It’s also worth wandering through Barrio Bellavista and Barrio Brasil or touring on a bike with a local guide to learn about the story behind this neighbourhood’s graffitied streets. Finish at Parque Quinto Normal for a breath of fresh air and to visit the powerful and informative Museo de la Memoria y los Derechos Humanos (Museum of Memory and Human Rights), a museum dedicated to delivering the facts about the military coup that controlled the country between 1973 and 1990 and left thousands dead or “disappeared”.

Further around town, Cerro Santa Lucia in Barrio Lastarria offers the most accessible views of the city; a short 10-minute hike through lush, landscaped gardens brings you to the viewing platform. If you’re feeling more energetic, climb Cerro San Cristóbal from the Bellavista neighbourhood for panoramic vistas (smog most likely included) or pay to ride the funicular to save yourself the leg work!

In the winter, hire a car and buy a ski pass (costing around $48,000 CLP for the day) for Valle Nevado, one of the best resorts in Chile. Situated only 46km from the capital and with 900 hectares of skiable land and pistes for all levels and abilities, it’s an excellent day or even weekend getaway. Nearby Farellones has a range of hotels, just be aware – they come with a fairly expensive price tag!

For further inspiration for what to do in Santiago, read this guide by Wanderlust, Culture Trip’s top 10 things to do in Santiago and US News’ guide to what to see and do.

Where to stay in Santiago

Santiago is a large, sprawling city but luckily for visitors, most of the accommodation is centred around the districts of Santiago, Providencia and Las Condes and therefore on the doorsteps of hundreds of bars and restaurants. What’s more, Santiago’s excellent metro system means that wherever you stay, you’ve never far from the action. Buy a metro card at one of the stations and you’ll find yourself easily connected to the city’s attractions.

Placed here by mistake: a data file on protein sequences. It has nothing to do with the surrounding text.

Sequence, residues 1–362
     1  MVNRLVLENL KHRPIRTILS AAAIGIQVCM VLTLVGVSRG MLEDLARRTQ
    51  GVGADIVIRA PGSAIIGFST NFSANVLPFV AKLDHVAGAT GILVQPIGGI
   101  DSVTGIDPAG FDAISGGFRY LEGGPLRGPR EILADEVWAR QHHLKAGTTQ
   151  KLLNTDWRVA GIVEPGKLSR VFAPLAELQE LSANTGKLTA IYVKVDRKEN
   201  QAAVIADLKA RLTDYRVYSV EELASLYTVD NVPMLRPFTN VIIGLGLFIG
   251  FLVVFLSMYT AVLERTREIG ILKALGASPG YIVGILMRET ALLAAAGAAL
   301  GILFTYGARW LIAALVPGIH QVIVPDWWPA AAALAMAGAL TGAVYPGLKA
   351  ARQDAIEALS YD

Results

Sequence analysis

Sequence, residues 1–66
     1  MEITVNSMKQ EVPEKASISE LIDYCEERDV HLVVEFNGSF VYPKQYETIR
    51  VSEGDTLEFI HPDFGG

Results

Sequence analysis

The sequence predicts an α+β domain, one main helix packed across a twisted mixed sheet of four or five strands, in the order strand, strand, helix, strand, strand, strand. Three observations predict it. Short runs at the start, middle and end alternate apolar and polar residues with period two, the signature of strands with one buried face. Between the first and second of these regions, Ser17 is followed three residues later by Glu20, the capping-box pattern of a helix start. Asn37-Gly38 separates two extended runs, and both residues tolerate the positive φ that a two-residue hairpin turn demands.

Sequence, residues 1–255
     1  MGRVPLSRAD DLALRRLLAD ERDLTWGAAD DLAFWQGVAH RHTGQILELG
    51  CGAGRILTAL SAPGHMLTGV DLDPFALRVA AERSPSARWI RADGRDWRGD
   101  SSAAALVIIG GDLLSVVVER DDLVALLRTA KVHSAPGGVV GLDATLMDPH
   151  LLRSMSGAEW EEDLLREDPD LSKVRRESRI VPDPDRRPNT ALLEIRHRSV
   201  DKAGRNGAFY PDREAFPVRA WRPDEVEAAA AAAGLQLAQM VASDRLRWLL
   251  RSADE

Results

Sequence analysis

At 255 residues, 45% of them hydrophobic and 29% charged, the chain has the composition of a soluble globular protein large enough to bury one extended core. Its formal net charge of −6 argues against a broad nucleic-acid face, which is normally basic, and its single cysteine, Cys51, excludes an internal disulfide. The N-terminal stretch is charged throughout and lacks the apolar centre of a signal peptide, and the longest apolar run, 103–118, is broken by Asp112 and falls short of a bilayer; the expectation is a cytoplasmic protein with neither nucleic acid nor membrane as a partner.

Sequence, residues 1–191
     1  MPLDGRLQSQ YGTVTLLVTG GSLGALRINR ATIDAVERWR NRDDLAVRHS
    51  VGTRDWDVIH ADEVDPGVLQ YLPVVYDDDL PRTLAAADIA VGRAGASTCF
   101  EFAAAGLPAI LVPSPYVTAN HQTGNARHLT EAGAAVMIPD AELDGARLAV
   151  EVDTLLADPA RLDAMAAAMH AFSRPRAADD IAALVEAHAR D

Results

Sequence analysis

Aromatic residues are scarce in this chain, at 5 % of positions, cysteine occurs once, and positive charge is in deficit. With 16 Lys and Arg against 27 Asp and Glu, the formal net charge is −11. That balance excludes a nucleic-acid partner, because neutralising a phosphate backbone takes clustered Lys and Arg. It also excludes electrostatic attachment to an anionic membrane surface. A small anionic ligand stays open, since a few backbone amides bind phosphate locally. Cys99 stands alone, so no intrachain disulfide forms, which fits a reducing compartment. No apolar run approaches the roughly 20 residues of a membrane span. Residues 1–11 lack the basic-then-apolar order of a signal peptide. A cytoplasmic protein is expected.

There are plenty of options for budget travellers, including Hostal Forestal, with its large dorms, fully-equipped kitchen and plenty of space for hanging out downstairs. It’s also located right next to Baquedano metro station at the very heart of town. Another option is Happy House Hostel, which is set in a huge house and has a swimming pool and extensive terrace. It’s a short walk to the Plaza de Armas and two blocks from Los Heroes metro station.

If you’re in Santiago for a stopover, there are a clutch of hotels around the airport but none of them are particularly affordable. If you have enough time, it’s instead worth booking accommodation in the city and using the bus between the airport and Los Heroes metro station  for $1,700 CLP each way. You can also organise a bus transfer (at a cost of between $6,000-7,000 CLP) through your hotel or hostel.

Find and book these hotels on our favourite accommodation search website: Booking.com

Another great alternative for accommodation in Santiago is Airbnb, where private rooms start at $30 and offer a unique way to experience the city from a more local perspective.

Don’t have an Airbnb account yet? Sign up now and receive a discount to put towards your first Airbnb stay!

For more inspiration, read this list of the 10 best hotels in Santiago and check out this complete guide from the Guardian about what to see and places to stay, eat and drink in Santiago.